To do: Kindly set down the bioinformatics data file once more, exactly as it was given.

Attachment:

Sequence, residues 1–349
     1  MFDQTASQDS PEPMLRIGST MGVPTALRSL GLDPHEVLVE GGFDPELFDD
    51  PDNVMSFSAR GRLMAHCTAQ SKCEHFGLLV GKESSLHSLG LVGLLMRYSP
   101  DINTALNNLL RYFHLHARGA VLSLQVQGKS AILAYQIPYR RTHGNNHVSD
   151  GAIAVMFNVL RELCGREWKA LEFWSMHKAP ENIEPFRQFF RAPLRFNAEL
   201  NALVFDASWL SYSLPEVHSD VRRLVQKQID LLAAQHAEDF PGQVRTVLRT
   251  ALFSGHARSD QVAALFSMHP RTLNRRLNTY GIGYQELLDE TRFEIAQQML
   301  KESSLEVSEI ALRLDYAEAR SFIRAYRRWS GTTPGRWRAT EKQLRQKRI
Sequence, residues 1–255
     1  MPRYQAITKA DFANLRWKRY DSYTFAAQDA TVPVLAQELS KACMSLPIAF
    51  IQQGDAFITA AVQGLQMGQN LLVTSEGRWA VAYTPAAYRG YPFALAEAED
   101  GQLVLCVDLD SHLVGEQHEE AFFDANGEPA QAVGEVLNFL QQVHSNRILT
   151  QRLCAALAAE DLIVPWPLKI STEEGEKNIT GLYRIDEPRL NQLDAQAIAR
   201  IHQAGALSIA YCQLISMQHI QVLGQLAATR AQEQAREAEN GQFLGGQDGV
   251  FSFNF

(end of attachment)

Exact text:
Sequence, residues 1–349
     1  MFDQTASQDS PEPMLRIGST MGVPTALRSL GLDPHEVLVE GGFDPELFDD
    51  PDNVMSFSAR GRLMAHCTAQ SKCEHFGLLV GKESSLHSLG LVGLLMRYSP
   101  DINTALNNLL RYFHLHARGA VLSLQVQGKS AILAYQIPYR RTHGNNHVSD
   151  GAIAVMFNVL RELCGREWKA LEFWSMHKAP ENIEPFRQFF RAPLRFNAEL
   201  NALVFDASWL SYSLPEVHSD VRRLVQKQID LLAAQHAEDF PGQVRTVLRT
   251  ALFSGHARSD QVAALFSMHP RTLNRRLNTY GIGYQELLDE TRFEIAQQML
   301  KESSLEVSEI ALRLDYAEAR SFIRAYRRWS GTTPGRWRAT EKQLRQKRI
Sequence, residues 1–255
     1  MPRYQAITKA DFANLRWKRY DSYTFAAQDA TVPVLAQELS KACMSLPIAF
    51  IQQGDAFITA AVQGLQMGQN LLVTSEGRWA VAYTPAAYRG YPFALAEAED
   101  GQLVLCVDLD SHLVGEQHEE AFFDANGEPA QAVGEVLNFL QQVHSNRILT
   151  QRLCAALAAE DLIVPWPLKI STEEGEKNIT GLYRIDEPRL NQLDAQAIAR
   201  IHQAGALSIA YCQLISMQHI QVLGQLAATR AQEQAREAEN GQFLGGQDGV
   251  FSFNF